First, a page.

Sesame: Currently the US Sesame market has been feeling the effects of the global logistics issues which have been occurring for some time. There are delays on shipments and arrivals creating a high spot demand for immediate coverage. One of the largest exporters of Sesame is India, and they are facing higher maritime freight and potentially more lockdowns as Covid numbers are continuing to rise. Any lockdowns in India will ultimately lead to more tightness in the overall Sesame supply in the coming months and rising pricing on African & Central American stocks.
The India summer crop is expected to be a bumper crop. The harvest is just around the corner in June and would usually be a basis for a market correction. However, it looks unlikely that the Indian crop will be a factor for at least a few months.
Quinoa & Chia: 2021’s first quarter activities in Quinoa origins remained slow due to the off season. Amidst COVID-19 concerns and first phase of elections in Peru, exports were impacted wherein first quarter exports from Peru fell by 3-4% when compared to last year. Harvest season is about to start in May for Quinoa. Some minor crop loss in some of the growing region is expected because of extreme weather occurring just before the harvest begins.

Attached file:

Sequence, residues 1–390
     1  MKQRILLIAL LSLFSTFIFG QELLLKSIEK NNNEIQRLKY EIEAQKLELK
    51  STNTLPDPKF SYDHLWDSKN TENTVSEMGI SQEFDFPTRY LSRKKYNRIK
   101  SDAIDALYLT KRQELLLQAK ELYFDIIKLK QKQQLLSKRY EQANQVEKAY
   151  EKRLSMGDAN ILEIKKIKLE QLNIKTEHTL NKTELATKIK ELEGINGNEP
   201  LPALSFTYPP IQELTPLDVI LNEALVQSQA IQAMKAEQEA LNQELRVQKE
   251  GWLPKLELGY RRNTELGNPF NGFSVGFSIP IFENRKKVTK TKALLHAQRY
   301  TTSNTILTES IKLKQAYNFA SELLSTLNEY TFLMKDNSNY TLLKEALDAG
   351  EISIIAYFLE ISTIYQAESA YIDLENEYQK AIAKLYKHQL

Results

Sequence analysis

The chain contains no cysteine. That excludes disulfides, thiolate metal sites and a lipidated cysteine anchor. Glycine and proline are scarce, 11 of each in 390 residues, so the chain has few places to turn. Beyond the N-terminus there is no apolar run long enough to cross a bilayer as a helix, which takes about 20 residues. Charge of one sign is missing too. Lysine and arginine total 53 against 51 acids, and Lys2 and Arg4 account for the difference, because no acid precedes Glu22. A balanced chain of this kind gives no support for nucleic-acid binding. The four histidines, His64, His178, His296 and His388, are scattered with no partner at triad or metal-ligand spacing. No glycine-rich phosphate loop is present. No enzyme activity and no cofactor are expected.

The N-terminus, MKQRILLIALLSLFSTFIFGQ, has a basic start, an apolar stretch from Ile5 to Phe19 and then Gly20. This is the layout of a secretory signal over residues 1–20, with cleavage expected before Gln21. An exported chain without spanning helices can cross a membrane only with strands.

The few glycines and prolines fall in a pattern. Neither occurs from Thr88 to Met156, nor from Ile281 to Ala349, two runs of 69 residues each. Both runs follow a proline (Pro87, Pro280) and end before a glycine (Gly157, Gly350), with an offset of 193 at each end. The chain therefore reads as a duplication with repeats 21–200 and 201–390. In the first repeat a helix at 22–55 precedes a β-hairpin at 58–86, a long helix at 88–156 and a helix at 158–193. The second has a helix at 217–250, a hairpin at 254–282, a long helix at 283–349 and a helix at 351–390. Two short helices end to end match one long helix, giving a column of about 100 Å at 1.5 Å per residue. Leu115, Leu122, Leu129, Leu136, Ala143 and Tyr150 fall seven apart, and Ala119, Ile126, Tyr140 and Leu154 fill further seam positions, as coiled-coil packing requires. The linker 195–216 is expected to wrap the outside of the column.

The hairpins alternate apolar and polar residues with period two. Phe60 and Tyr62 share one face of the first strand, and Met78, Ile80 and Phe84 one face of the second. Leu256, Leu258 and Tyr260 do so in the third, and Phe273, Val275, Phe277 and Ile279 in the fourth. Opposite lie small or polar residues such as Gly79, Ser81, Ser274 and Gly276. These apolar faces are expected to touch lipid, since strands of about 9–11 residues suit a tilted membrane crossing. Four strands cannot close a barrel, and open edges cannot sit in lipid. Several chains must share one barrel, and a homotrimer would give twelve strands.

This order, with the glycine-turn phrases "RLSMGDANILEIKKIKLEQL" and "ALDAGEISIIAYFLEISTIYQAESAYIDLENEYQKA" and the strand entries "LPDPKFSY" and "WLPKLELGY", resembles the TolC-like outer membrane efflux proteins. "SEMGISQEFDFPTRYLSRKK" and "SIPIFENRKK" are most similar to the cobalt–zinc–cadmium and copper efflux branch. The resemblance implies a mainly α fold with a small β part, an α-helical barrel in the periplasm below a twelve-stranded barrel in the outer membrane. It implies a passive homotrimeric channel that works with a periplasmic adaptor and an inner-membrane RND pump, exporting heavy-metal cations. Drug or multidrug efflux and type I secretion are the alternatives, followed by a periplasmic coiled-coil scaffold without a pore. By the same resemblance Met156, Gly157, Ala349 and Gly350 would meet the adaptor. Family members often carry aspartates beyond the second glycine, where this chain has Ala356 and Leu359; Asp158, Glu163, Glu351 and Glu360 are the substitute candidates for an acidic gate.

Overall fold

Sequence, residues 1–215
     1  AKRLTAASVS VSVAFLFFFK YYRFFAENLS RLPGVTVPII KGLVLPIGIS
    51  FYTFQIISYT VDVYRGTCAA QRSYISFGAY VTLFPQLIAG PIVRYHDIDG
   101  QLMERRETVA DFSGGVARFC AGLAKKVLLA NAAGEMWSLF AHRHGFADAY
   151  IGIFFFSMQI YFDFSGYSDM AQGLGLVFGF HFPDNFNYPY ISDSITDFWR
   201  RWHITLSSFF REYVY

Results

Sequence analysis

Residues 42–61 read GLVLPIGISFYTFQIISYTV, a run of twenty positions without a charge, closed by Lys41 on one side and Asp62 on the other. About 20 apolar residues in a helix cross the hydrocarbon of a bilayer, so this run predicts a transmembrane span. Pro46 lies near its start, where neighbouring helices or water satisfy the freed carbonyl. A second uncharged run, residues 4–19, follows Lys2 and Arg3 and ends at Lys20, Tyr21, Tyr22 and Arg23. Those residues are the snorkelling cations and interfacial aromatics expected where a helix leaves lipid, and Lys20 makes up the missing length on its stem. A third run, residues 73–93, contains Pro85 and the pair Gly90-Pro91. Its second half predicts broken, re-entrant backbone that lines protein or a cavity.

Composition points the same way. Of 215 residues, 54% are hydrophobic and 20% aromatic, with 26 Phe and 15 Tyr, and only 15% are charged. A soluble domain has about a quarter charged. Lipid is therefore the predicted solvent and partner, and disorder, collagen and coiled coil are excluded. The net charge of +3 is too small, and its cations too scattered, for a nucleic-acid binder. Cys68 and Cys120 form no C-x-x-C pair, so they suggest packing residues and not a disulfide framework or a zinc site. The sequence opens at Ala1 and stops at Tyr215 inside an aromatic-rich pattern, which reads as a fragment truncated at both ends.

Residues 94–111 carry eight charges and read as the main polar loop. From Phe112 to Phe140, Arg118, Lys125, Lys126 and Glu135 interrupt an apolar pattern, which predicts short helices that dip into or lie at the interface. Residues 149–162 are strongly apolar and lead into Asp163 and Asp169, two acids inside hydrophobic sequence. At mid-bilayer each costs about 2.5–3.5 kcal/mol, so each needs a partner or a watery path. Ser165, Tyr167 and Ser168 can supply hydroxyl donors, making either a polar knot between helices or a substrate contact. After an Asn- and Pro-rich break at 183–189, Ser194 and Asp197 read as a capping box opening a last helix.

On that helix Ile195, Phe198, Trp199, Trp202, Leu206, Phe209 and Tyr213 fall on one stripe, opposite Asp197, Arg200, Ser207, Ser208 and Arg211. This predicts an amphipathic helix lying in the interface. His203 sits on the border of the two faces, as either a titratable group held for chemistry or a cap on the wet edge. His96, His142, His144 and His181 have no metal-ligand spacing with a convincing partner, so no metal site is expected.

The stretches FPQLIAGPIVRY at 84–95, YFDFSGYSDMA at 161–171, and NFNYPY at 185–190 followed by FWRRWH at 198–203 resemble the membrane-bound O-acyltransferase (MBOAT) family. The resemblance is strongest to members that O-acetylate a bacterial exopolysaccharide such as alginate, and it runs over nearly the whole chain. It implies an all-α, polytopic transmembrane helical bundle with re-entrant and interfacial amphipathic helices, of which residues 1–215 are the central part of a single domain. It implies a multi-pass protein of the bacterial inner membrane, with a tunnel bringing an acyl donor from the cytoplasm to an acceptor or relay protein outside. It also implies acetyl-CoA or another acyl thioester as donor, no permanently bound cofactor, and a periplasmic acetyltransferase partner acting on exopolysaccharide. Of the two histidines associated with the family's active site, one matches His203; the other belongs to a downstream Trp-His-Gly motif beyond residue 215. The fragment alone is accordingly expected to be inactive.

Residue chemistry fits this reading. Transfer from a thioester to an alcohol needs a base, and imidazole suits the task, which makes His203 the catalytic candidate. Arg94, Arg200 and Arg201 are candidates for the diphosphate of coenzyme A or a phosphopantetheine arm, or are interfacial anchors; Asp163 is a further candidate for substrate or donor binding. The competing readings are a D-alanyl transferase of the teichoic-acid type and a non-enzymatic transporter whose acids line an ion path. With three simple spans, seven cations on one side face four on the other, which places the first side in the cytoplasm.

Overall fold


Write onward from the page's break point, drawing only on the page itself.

Demand has been stable for Quinoa, but high spot demand is still the trend to cover for immediate need from buyers. A surge in demand for Chia was seen in both the mainstream markets of the USA and EU, which is a result of low stocks at both destination and origins. Harvest for Chia starts after July in the major chia growing origins, hence with harvest still few months away there could be some price increase for a short period of time and spot availability may look tight.
The INC has announced 2021 crop expectations and carry over figures. The world total production in shell expected is 1,180,500 MT and with the carryover total stock is expected to be 1,306,900 MT. Turkey’s export numbers are reduced by 21.5% compared to 2019-2020 and 1% compared to the 2018-2019 season. We expect notable carryover of the current season’s crop into next year. Turkey is expecting a good crop about 790k MT for the 2021-22 season – This is the third successive season of an above average crop. Italy’s crop is likely to decrease from 160k MT to 70k MT this year.
The INC expects the significant increase in demand with most countries now opening with the lessening of the COVID-19 crisis. Next season’s pricing will largely depend on the Turkish Grain Board (TMO) support price. TMO has declared an 18% increase in the support price for tea, also grown in the Black Sea region of Turkey. The farmers expect a similar increase for hazelnuts. Current market prices (old crop) are at a significant discount to the expected TMO benchmark for next season. Farmers / hoarders are thus unwilling to sell at current levels. On the other hand, the industry would like to cover at current levels given the imminent increase in prices. The Turkish Lira remains weak and will continue to impact the market prices. The larger industry is still uncovered, and we expect consistent buying in the 3rd quarter.